I bought my first aluminum road bike in 2011. It was a 2010 Giant Defy 3. In 2014 the frame developed a crack in the weld where the top tube and head tube come together. I still rode it until the bike season ended. My local bike shop ,Smart Cycles in Norwalk Ct, rebuilt the whole bike with a new frame over the winter for free. Actually I paid around $200 because I wanted a few items to be replaced also while everything was apart. The frame was a 2011 Defy 3 and Giant paid the bill. That same bike has over 10,000 miles on it and is 10 years old with a lot of hard road miles by a heavy rider. 270-305 pounds. It is still going strong.

My other bike is a 2013 Cannondale CAAD 10 with no frame problems and it has been ridden over ten years now.

I wont say the same with aluminum rims though. I have a very aggressive riding style. I have crashed both bikes a few times each. Because I am a ex crit racer and 300 pounds I put a lot of stress on bike parts. Rims are a different story and only rear aluminum rims. I never had any front wheels fail yet. I currently build the spoke count in the front at 18 to 20 spokes. No problems at all. I build all my rear wheels at 28 spokes and usually look for a rear wheel that is strong enough for cx racing. I break a lot of spokes and crack a lot of rims. If I crack a rim I just take everything apart and send the hub into my wheel builder who rebuilds me a rear wheel. Often I ride with mismatched wheelsets because I go through a lot of rear wheels but still have all my original front wheels. Rather than spending $1000 for a new wheel set, I send in my hub and spend $150-$250 to get the rear wheel rebuilt with new spokes and rims. I have plenty of spare wheels so I just easily swap out the rear and am ready to ride. I replace spokes that break myself and just spin the rear wheel in the brake track then tune and adjust the spokes with my spoke wrench. I twang the spokes and listen to the tone. From there I can get the spokes at the right tightness. A spoke wrench cost me $5 and spokes are less than $5 a piece. I don't mind braking spokes. Its an easy repair and a small price to pay.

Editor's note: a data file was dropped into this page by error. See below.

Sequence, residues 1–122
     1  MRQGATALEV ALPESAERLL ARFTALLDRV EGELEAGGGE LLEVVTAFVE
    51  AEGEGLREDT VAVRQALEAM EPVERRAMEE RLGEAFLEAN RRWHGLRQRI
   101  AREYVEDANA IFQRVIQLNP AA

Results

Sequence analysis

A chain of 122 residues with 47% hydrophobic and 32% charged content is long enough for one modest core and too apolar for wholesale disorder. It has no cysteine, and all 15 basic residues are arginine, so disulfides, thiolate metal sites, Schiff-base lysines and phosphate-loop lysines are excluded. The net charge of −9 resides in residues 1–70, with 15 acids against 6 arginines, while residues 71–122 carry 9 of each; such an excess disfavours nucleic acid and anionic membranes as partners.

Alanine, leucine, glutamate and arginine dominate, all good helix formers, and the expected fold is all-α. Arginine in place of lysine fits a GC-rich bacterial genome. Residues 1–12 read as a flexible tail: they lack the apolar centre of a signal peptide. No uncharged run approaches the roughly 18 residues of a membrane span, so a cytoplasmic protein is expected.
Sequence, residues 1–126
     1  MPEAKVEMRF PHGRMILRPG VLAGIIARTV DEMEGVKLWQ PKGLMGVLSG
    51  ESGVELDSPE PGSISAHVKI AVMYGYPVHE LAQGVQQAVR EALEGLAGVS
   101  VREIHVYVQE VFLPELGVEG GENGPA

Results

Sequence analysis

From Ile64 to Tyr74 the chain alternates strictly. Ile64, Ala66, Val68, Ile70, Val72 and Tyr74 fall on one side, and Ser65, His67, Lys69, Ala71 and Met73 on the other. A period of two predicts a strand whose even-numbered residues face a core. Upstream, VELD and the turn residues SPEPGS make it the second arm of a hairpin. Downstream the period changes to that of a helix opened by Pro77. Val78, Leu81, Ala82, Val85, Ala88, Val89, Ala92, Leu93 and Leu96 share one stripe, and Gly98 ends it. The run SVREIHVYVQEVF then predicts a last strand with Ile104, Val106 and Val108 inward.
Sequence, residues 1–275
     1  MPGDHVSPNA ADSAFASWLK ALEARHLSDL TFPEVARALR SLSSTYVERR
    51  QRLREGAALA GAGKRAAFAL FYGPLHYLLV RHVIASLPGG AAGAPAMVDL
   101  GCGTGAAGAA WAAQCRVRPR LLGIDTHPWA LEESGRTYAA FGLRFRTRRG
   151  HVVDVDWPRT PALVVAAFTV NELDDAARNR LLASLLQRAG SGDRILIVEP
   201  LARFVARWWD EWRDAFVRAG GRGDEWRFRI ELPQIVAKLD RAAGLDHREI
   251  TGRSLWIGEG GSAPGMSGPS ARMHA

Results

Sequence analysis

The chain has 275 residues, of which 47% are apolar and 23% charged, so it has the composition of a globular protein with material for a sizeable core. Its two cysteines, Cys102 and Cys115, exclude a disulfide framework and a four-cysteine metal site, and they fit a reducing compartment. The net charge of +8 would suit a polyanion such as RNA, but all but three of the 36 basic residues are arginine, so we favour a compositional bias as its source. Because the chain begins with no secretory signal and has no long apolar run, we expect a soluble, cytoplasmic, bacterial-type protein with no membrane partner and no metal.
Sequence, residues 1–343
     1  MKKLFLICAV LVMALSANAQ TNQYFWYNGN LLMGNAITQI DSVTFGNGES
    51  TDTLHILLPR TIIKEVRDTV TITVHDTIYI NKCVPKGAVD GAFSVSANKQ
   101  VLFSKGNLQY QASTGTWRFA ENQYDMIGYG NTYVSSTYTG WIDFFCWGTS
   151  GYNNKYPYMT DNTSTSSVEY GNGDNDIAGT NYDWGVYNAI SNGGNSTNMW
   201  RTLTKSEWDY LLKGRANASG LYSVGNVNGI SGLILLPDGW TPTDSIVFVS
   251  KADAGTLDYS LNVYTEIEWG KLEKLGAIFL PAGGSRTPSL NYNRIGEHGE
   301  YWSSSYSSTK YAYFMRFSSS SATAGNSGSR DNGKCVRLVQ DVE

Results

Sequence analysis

Last edited by Clydesdale John; 05-13-24 at 08:44 AM.
Clydesdale John is offline  
Old 05-13-24, 11:25 AM
  #31  
Clark W. Griswold
 
Join Date: Mar 2014
Location: ,location, location
Posts: 14,295

Bikes: Foundry Chilkoot Ti W/Ultegra Di2, Salsa Timberjack Ti, Cinelli Mash Work RandoCross Fun Time Machine, 1x9 XT Parts Hybrid, Co-Motion Cascadia, Specialized Langster, Phil Wood Apple VeloXS Frame (w/DA 7400), R+M Supercharger2 Rohloff, Habanero Ti 26

Liked 4,363 Times in 2,914 Posts
Originally Posted by Clydesdale John
I bought my first aluminum road bike in 2011. It was a 2010 Giant Defy 3. In 2014 the frame developed a crack in the weld where the top tube and head tube come together. I still rode it until the bike season ended. My local bike shop ,Smart Cycles in Norwalk Ct, rebuilt the whole bike with a new frame over the winter for free. Actually I paid around $200 because I wanted a few items to be replaced also while everything was apart. The frame was a 2011 Defy 3 and Giant paid the bill. That same bike has over 10,000 miles on it and is 10 years old with a lot of hard road miles by a heavy rider. 270-305 pounds. It is still going strong.

My other bike is a 2013 Cannondale CAAD 10 with no frame problems and it has been ridden over ten years now.